"...the Pensions Regulator, which checks that companies have added their employees to their pension schemes, need to be able to delve into anyone’s emails so it can “secure compliance and punish wrongdoing.”

    Taken together, the requests reflect exactly what critics of the Investigatory Powers Act feared would happen: that a once-shocking power that was granted on the back of terrorism fears is being slowly extended to even the most obscure government agency for no reason other that it will make bureaucrats' lives easier."


    -------------------------------

    United Kingdom Snoopers Charter - The Sequel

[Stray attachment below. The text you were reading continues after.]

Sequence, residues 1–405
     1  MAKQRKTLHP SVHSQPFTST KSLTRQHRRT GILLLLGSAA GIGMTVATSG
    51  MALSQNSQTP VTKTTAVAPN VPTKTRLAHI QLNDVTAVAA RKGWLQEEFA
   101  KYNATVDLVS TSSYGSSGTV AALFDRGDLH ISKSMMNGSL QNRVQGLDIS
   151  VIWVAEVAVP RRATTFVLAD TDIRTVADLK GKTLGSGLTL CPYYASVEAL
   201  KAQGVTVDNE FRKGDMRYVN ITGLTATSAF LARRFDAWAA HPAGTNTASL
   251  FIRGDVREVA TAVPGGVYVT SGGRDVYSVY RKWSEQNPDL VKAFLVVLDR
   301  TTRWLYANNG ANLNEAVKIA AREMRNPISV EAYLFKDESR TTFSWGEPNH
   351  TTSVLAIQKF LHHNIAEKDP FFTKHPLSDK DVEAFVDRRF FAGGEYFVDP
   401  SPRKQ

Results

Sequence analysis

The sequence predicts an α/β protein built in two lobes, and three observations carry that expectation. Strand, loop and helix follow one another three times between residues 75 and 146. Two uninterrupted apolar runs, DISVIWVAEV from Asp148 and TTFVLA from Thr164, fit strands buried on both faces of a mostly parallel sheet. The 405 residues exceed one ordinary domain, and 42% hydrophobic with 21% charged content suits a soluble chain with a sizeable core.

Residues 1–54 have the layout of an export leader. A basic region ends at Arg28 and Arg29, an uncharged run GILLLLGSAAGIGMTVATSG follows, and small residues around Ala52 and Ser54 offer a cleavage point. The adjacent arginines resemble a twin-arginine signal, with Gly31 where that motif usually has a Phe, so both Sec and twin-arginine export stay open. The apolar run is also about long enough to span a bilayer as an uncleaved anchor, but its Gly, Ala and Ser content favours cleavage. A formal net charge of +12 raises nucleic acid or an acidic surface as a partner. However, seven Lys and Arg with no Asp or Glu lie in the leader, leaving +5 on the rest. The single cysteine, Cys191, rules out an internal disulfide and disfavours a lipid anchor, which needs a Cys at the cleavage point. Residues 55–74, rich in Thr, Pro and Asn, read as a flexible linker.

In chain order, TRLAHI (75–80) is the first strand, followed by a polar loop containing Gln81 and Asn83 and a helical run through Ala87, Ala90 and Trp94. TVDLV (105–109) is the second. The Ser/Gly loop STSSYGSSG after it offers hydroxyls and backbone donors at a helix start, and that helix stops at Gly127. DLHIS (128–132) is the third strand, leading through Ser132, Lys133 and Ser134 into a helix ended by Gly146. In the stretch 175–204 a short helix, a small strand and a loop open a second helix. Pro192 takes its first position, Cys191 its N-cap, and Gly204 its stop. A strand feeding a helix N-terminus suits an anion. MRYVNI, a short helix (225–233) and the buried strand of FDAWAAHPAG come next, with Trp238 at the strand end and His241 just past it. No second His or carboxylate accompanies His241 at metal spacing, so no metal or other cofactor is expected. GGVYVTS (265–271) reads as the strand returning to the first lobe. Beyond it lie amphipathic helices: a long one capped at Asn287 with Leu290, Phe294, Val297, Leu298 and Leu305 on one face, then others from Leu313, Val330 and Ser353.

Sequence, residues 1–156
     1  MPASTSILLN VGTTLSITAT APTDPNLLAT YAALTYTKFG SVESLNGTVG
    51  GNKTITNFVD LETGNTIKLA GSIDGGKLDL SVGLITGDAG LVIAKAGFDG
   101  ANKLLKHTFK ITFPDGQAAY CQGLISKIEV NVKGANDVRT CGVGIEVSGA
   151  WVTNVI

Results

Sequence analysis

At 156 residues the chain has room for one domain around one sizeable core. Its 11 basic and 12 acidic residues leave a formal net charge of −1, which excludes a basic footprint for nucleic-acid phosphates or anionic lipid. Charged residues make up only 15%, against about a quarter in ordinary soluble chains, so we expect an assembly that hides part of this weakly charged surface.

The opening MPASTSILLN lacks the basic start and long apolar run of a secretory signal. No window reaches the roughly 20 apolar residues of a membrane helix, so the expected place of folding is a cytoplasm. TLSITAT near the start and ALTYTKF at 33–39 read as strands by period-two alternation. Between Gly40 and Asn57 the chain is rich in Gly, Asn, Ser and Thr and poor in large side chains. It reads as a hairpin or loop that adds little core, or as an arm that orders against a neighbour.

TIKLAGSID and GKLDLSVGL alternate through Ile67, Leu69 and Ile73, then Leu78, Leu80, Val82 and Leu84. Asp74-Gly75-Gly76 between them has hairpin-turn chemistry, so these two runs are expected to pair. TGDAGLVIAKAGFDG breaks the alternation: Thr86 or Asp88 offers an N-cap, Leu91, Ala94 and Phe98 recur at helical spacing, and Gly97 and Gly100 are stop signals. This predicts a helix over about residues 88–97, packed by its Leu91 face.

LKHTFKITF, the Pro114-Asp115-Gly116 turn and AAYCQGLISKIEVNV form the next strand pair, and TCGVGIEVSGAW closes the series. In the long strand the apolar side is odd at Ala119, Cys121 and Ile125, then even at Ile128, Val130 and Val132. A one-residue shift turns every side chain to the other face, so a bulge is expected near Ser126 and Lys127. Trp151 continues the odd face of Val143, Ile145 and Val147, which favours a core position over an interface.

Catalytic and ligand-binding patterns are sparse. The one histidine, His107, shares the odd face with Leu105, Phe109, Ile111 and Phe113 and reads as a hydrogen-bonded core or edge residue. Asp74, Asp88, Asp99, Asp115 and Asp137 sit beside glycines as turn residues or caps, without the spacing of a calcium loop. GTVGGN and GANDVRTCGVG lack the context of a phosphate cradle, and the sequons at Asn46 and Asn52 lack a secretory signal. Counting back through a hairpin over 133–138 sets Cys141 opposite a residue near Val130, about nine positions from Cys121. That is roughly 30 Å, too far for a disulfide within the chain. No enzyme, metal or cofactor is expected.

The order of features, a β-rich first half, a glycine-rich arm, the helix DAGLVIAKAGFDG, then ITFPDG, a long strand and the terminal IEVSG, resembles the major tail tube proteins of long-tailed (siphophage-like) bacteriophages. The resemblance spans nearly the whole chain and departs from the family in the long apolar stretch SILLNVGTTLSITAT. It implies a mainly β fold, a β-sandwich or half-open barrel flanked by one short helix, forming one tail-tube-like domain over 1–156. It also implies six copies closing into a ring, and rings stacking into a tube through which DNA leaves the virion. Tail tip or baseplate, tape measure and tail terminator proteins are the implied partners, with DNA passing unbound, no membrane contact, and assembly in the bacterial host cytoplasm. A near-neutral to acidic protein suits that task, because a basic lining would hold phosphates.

For residents in the UK, particularly, a recent report from The Register highlights again the often baffling needs (sic) of an array of seemingly disparate groups or entities claiming rights of access to persons' personal data.

    With the ongoing concerns in the current climate change of Covid-19 with the planned implementation of contact tracing applications - a climate change in the very real sense of the term - this report turns the light back on the much maligned Snoopers Charter properly known as The Investigatory Powers Act 2016.

    Click image for larger version

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    Related tweet from November 2016

    -------------------

    Why should the UK pensions watchdog be able to spy on your internet activities?Same reason as the Environment Agency and many more

    Extraordinary surveillance powers set to be injected into govt orgs

    By Kieren McCarthy in San Francisco 23 Apr 2020 at 07:33